March 2004

Bit’s blog

March 1, 2004 - Categories: -Uncategorized

On programming fundamentals

March 1, 2004 - Categories: -Uncategorized

Jino Noel wrote:

2004-01-30 15:42

Programming fundamentals

Everytime a programming exercise or project comes up I hear a lot of my classmates crying out in horror or dismay. I hear them complain about how hard is or even that it's impossible to create. And yet I see a few of us who don't care how complicated a project is, we just know that everyhting is doable. I believe the reason for this is that others still don't know what we've come to realize, you don't solve a problem as a whole, you break it into small pieces, and those small pieces into smaller pieces, until all you have are just a lot of small, easy to solve problems. When you've come to that point all you need then is time. Fact is, There's no programming project that can't be reduced into a series of simple arithmetic, true or false questions, and the separating and combining of strings. The trick of course is to be able to see the problems as a combination of smaller pieces, that's the skill that separates a coding wizard from a wannabe.

Take my PusoyDos as an example. I didn't program it all in one get go, I did it in pieces. First and foremost problem I had to solve was how to deal th ecards to the players. Eventually I was able to break it down into just a randomizing function, a few arithmetics, true or false question and string combination to create the values of the cards, and a boolean statement to pass it into the designated players. And I just went on from there.

Programming is actually simple, if you just look at it the right way.

Awwwww. =D

Of course, Jino's outlook on programming is completely not my fault, but I hope other people reading this feel encouraged.

Jino's World 2.0

Emacs LISP List, by date

March 1, 2004 - Categories: emacs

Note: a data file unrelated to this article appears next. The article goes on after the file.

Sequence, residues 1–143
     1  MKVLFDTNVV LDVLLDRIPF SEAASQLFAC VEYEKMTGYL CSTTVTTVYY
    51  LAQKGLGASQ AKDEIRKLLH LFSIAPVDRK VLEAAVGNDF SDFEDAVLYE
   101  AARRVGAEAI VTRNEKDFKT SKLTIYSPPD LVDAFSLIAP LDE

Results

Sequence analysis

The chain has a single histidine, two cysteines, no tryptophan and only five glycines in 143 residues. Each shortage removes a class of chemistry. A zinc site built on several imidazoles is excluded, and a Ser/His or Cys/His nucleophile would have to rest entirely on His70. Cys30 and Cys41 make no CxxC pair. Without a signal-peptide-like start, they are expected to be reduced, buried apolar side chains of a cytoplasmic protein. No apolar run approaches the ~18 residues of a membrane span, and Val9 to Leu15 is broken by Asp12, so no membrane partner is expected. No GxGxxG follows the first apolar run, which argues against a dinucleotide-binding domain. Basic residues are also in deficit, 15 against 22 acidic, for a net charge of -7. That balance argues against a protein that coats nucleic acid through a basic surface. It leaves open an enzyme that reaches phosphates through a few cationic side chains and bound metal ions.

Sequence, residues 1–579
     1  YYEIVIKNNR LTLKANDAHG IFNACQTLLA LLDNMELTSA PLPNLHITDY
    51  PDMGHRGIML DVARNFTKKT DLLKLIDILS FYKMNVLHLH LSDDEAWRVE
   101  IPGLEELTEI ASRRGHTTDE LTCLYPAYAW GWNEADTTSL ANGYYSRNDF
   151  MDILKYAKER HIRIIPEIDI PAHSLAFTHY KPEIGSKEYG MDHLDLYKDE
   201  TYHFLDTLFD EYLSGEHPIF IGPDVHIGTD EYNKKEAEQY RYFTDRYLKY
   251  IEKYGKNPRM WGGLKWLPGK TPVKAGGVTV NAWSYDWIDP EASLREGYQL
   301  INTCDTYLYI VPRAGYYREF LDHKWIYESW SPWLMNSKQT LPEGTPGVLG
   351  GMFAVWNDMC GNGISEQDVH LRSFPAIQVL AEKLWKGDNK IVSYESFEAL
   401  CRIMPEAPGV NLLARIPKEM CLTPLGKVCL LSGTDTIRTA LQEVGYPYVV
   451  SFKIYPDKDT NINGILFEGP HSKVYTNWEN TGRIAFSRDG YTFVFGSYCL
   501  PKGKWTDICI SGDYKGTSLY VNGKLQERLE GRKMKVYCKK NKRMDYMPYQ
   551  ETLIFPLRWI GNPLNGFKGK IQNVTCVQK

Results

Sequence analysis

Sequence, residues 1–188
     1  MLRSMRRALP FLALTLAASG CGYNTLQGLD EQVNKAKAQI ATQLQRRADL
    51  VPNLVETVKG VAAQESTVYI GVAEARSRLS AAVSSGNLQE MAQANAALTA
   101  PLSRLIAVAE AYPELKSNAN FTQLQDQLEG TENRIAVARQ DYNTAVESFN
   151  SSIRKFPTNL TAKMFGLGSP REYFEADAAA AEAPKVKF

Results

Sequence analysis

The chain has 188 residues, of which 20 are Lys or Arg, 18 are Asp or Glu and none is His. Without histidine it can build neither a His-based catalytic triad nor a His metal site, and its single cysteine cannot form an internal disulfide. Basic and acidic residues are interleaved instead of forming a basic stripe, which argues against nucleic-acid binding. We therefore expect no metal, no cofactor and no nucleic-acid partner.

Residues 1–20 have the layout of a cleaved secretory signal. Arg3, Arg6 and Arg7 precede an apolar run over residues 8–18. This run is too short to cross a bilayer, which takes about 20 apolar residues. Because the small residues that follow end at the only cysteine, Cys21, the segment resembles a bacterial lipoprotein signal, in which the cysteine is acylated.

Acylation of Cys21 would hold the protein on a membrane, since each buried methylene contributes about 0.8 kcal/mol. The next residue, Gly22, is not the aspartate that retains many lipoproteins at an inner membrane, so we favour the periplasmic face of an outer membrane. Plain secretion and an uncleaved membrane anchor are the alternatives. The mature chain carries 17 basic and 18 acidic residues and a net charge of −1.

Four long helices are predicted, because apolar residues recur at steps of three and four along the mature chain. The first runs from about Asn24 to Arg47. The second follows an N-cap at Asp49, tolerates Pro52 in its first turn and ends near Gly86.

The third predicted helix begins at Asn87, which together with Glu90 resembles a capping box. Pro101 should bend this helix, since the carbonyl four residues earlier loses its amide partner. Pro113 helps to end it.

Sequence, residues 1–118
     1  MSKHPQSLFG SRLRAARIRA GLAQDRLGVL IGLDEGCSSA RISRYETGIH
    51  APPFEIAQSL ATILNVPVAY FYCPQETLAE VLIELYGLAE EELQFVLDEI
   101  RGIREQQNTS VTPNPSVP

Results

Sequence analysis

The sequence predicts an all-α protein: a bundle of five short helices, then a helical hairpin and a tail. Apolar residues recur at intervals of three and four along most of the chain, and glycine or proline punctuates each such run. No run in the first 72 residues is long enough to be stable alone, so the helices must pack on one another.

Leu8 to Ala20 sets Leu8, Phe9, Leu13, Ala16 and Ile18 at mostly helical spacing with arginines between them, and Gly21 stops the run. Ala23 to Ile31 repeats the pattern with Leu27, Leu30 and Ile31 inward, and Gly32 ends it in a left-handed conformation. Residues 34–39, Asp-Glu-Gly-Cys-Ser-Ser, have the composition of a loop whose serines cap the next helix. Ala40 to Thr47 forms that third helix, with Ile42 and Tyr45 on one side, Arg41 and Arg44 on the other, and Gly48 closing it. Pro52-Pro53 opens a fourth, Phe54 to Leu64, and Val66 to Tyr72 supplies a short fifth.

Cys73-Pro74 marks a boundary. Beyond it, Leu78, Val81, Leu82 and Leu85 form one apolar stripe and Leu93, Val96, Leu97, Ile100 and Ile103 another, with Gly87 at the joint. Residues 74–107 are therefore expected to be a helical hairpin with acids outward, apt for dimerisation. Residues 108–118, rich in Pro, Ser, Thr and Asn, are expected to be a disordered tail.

Emacs function of the day: rx

March 1, 2004 - Categories: emacs

Translate a regular expression REGEXP in sexp form to a regexp string. See also `rx-to-string' for how to do such a translation at run-time.

Tip from delysid.

ERC pseudo-AI assisted IRC help

March 1, 2004 - Categories: -Uncategorized
  Hmm. That gives me another nifty ERC idea - if we annotate BBDB records with timezones, we should be able to
          greet people good morning/day/evening appropriately. Plus points for greetings in native languages! ;)
  Now that's just insane, really. 
  laugh too
  sacha: I'm sure you'll have it done by tomorrow ;)
  sachac: that could be nice, yes
  ,there is also an evil place without a name -- it does not have emacs
  Added entry to the term "there"
  try:  Acknowledgments NowPlaying PostItNow WikiAcknowledgments WikiNow
  arete: Well, I've been thinking of rule-based matching on privmsgs received, with responses suggested in another
          buffer for easy selection with keysequence or mouse... =)
  sachac: good idea
  hehe yeah, saw you mention it the other day
  just one step away from eliza =P
  arete: I'm just thinking of how to do it nicely so that the matches don't take a terribly long time. I suppose
          match-string is my friend. I can build the regexp at the start, match it constantly, then match again based on
          the match string...
  ,df rx
  rx is a Lisp macro in `rx'.
  (rx REGEXP)
  Translate a regular expression REGEXP in sexp form to a regexp string.
  See also `rx-to-string' for how to do such a translation at run-time.
  The following are valid subforms of regular expressions in sexp
  STRING ..[Type ,more]
  arete: ... but of course that means I'll be working as a stateless machine for now. Oh well. Actually, no, the
          functions can keep state on their own; I just won't be able to add new keywords without recompiling the regular
          expression, which shouldn't be too hard.
  sachac: I guess the best way for the greeting is some standard text that gets translated at other ercs